I will share a post from 2009. It was one of my first, about 13 years ago, when I first started treating psychiatric conditions. I have always been interested in addiction as well as other conditions, but I resented employers’ efforts to pigeon-hole me because of my ‘history.’ Oh, that cursed history!

As many of you know I was one of the early docs to use buprenorphine meds. It had been out since 2003, but few were prescribing the medication, in part because of the huge backlash from abstinence-based, for-profit treatment programs (like the one that cost me almost $70,000 BEYOND what insurance covered. My opinions were and are slightly controversial these days, especially in regard to ‘support’ for people with addictions who are not seeking treatment. When I wrote this I was working in a maximum security prison for women, and a medium security prison for men. That probably influenced me, as did other things. I received MANY emails back then as I was the ‘addiction guy’ for Medhelp.org. No charge. I enjoyed sharing what I knew.

This site WILL eventually get back to psych and addiction issues. Enjoy a blast from the past!

The title was ‘My Lousy Bedside Manner.’ You will notice that this is just a copy of that one.

I receive about a dozen e-mails each day asking for advice; some are quite long, and while I would love to be more helpful there are days when I don’t have time to even read them, let alone answer– so please understand if I have not gotten back to you. One thing that has also ‘soured’ me a bit on personal communication is that I forget just how messed up addicts ARE– how distorted their world becomes, and how frustrating it is to become involved in trying to help someone who is not yet ready to be helped. I am going to post an exchange I had yesterday and today with one such person… I was way up north this weekend and not connected to the internet, but I received an e-mail on my i-phone and at the time had nothing to keep me from reading it. Having read it, I felt sympathy for the person and gave my honest opinion on the person’s dilemma.

I don’t have time (of course!) to make comments all the way through, and so I will only post the exchange; my goal is not to humiliate the person, as nobody knows the person’s identity. But for those of you who are enjoying some sobriety, the exchange will be useful; you will recognize the self-centeredness and self-pity that prevent sobriety from taking hold. In a treatment center, this person would be given a choice: shut up and listen, or leave and return when you are ready to shut up and listen. She wants support, I suppose– but support will kill her. That is one of the most fatal, and most common, mistakes made by using addicts; that they need ‘support’. That thought allows them to reject all of the calls for change that people take the time to provide. She will keep going from person to person, looking for someone to be ‘supportive’. But the only thing that will sound ‘supportive’ will be advice that keeps her right where she is! ‘Support’ for a using addict is only another form of enabling.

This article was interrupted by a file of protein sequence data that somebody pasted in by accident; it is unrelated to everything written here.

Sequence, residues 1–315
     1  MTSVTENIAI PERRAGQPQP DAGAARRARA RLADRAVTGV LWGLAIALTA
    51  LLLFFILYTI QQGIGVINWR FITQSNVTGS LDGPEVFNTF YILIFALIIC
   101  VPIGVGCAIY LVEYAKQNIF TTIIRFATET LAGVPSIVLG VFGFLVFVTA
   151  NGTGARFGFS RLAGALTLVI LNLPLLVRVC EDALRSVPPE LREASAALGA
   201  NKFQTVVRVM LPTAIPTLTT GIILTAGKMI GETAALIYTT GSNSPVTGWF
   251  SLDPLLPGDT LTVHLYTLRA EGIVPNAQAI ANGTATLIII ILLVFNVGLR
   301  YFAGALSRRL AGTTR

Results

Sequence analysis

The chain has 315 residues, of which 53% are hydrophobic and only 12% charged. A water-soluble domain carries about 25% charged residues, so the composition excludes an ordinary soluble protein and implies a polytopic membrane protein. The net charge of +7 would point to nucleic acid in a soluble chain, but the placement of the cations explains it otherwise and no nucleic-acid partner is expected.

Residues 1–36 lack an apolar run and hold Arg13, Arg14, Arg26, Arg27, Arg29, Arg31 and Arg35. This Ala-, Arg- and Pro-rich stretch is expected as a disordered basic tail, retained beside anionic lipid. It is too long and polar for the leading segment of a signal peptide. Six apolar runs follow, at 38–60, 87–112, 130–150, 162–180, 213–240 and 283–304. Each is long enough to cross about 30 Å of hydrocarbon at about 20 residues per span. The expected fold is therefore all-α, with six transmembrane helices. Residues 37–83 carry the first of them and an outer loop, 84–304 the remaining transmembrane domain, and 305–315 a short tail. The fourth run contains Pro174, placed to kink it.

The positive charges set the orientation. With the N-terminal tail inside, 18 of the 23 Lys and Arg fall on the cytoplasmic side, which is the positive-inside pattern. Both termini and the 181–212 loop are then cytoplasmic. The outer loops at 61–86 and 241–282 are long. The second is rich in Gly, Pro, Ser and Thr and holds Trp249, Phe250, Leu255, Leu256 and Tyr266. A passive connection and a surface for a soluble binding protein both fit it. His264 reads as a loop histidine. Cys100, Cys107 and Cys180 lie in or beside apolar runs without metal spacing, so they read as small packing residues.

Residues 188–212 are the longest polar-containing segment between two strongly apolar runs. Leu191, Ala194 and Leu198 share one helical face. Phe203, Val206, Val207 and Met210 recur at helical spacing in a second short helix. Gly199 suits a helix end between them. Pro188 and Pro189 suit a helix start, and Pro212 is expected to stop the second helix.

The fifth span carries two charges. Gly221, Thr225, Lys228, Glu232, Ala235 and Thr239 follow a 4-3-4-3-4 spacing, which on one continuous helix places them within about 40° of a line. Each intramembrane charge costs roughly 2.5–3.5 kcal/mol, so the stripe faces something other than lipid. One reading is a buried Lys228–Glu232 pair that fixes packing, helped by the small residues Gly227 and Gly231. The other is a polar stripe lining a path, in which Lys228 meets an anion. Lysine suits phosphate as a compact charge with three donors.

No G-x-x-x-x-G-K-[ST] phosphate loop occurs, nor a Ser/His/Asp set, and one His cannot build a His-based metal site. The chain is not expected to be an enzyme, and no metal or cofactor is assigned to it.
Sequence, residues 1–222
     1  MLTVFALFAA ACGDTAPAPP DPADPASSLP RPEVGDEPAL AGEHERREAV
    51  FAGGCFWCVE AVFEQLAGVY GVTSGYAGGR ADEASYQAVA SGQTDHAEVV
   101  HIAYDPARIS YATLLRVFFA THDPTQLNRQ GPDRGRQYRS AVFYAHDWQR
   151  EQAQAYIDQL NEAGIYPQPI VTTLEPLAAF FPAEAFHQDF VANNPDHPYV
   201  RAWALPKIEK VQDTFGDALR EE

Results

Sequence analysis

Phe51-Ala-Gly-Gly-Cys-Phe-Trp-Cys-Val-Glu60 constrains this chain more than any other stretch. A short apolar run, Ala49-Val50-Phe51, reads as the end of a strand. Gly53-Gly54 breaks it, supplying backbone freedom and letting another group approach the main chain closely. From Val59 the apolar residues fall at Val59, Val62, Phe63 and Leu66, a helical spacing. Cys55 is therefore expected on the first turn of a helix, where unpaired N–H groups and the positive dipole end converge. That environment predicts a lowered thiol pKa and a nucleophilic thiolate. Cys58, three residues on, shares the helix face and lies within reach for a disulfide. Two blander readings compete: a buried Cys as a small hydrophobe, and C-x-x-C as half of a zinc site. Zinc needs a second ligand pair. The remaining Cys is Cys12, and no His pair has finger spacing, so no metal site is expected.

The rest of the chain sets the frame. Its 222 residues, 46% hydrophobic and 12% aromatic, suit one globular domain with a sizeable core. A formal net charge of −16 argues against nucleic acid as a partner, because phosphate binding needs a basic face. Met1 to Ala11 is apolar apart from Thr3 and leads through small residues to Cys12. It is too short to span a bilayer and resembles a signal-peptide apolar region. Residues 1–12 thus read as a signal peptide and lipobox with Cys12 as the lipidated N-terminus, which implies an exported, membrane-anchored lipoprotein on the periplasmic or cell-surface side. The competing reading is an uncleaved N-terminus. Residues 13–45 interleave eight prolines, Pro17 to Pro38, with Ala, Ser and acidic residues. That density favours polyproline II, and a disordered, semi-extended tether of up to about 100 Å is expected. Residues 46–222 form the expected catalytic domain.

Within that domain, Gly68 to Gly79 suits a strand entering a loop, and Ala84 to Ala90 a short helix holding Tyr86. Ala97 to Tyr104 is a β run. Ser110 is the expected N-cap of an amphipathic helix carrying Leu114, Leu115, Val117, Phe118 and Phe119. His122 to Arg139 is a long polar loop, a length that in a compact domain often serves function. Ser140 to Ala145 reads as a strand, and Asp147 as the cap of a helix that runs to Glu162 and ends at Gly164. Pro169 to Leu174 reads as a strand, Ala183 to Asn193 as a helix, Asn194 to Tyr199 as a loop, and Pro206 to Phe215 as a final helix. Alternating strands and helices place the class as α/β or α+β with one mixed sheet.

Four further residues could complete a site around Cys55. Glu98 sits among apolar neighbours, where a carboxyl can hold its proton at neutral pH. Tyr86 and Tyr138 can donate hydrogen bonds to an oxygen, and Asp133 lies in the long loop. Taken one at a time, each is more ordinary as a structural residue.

Now, once a person is at a different point of treatment– at a point where she is following instructions, and has gotten past the self-centered ‘terminally unique’ position– a certain amount of support may be useful. But this person is not even in the ballpark for that approach. If she is reading (and I doubt she is, as addicts tend to avoid reading things that stir up awareness of a need for change), I recommend she drop the one-woman pity-party and realize that her life is up to HER, and her alone. If she doesn’t get serious, she will end up just another dead junkie– and for that I am sorry. But I can promise you that me being a bit ‘kinder’ would not have been the answer to keep her alive.

Her Note: